In this article when I reference the title of "the Great" I do not reference it as an attributive term. Like many other rulers during antiquity he was given the title of "the Great" like Ivan IV of Russia received the title of "the Terrible". "the Great" is merely a part of his name.
I do understand that the legend stands as more of a metaphor and this can be interpreted differently by all readers. One could just as easily attribute the cutting of the knot to Alexander's straightforwardness rather than the conclusion you have arrived at, both being equally valid.
Unlike Genghis or Stalin, to my knowledge, Alexander didn't take part in such large scale massacres. Although he was known as the Monster of Macedonia and did slaughter many civilians during his conquest, as most military leaders at the time, it would be disingenuous to compare his deeds to those of the aforementioned leaders.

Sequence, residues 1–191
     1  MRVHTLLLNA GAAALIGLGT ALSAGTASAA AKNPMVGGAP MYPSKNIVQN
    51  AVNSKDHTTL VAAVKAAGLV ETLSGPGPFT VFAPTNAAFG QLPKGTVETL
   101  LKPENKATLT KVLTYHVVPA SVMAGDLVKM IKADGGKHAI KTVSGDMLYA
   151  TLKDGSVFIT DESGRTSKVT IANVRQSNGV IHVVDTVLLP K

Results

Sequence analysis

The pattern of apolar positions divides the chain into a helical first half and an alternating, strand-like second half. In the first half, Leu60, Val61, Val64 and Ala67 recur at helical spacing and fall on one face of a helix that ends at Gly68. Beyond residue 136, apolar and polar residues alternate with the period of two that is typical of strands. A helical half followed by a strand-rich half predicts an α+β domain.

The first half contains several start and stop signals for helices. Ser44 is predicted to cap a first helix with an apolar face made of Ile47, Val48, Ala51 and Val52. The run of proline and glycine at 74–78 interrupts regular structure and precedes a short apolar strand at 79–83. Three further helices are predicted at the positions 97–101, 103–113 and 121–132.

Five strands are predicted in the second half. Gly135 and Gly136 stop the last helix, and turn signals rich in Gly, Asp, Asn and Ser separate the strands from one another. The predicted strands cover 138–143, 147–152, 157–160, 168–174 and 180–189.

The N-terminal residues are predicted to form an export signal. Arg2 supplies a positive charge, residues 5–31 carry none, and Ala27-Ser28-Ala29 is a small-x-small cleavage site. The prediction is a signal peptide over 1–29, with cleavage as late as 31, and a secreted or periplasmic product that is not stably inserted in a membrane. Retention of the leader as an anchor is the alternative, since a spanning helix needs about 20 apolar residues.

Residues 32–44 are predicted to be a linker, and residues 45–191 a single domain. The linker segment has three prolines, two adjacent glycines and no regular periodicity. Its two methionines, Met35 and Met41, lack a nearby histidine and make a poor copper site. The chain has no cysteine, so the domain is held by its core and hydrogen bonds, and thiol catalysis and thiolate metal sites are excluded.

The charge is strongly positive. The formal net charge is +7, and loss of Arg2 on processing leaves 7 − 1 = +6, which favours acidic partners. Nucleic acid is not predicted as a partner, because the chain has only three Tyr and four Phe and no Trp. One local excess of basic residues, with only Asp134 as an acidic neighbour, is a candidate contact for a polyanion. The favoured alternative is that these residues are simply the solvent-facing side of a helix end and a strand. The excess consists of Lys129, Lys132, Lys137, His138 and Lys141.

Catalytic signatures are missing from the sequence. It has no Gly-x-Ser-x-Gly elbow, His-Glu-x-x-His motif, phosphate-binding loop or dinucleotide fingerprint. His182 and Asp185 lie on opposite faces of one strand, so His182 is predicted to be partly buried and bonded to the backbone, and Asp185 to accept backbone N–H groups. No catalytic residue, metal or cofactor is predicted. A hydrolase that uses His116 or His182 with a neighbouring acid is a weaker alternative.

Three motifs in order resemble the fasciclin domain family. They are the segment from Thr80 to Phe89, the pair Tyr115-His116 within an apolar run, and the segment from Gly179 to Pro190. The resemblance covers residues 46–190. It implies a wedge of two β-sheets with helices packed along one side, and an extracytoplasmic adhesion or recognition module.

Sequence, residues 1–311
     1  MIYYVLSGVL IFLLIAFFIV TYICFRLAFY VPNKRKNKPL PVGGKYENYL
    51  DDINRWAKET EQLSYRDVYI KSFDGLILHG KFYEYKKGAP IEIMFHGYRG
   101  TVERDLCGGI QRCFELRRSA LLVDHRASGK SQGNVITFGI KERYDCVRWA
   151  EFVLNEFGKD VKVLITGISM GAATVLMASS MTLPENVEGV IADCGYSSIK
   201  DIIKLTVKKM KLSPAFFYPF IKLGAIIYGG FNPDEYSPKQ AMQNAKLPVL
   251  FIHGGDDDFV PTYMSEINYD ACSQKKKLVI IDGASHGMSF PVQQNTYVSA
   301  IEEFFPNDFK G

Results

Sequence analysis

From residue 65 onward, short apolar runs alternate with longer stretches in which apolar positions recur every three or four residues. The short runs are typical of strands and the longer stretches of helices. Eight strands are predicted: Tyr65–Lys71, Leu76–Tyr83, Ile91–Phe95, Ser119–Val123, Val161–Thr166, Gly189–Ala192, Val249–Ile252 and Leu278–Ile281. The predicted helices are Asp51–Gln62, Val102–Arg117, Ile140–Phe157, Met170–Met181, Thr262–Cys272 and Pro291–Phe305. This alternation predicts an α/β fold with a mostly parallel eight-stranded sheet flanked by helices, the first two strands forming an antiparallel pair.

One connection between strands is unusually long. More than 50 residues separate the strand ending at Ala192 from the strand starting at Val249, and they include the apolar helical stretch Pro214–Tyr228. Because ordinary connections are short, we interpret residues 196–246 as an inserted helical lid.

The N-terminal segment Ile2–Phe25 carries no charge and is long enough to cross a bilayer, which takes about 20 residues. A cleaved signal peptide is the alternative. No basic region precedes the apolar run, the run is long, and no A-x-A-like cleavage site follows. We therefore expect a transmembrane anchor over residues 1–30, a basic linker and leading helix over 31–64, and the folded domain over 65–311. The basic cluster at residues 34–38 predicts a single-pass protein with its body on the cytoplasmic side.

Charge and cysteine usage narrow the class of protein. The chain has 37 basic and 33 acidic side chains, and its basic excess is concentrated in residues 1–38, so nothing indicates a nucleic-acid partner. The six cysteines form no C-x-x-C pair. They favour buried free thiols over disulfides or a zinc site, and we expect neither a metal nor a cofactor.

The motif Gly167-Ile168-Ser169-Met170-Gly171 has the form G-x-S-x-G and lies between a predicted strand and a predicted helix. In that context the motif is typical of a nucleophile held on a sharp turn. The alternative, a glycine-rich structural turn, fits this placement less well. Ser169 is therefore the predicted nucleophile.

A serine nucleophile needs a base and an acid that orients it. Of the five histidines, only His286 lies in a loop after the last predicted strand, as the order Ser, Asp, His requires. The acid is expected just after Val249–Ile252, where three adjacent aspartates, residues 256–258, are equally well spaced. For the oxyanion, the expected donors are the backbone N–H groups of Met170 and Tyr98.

In my opinion, I like to look at these achievements from a military standpoint, and from this angle, Alexander was "Great". Choosing another angle by which you want to analyse him might lead to some opposing findings, something which shouldn't take away from the previous statement. It is undeniable that Alexander was a great military mind akin to the likes of Wellington and Napoleon, other aspects of his conquest should be looked at separately.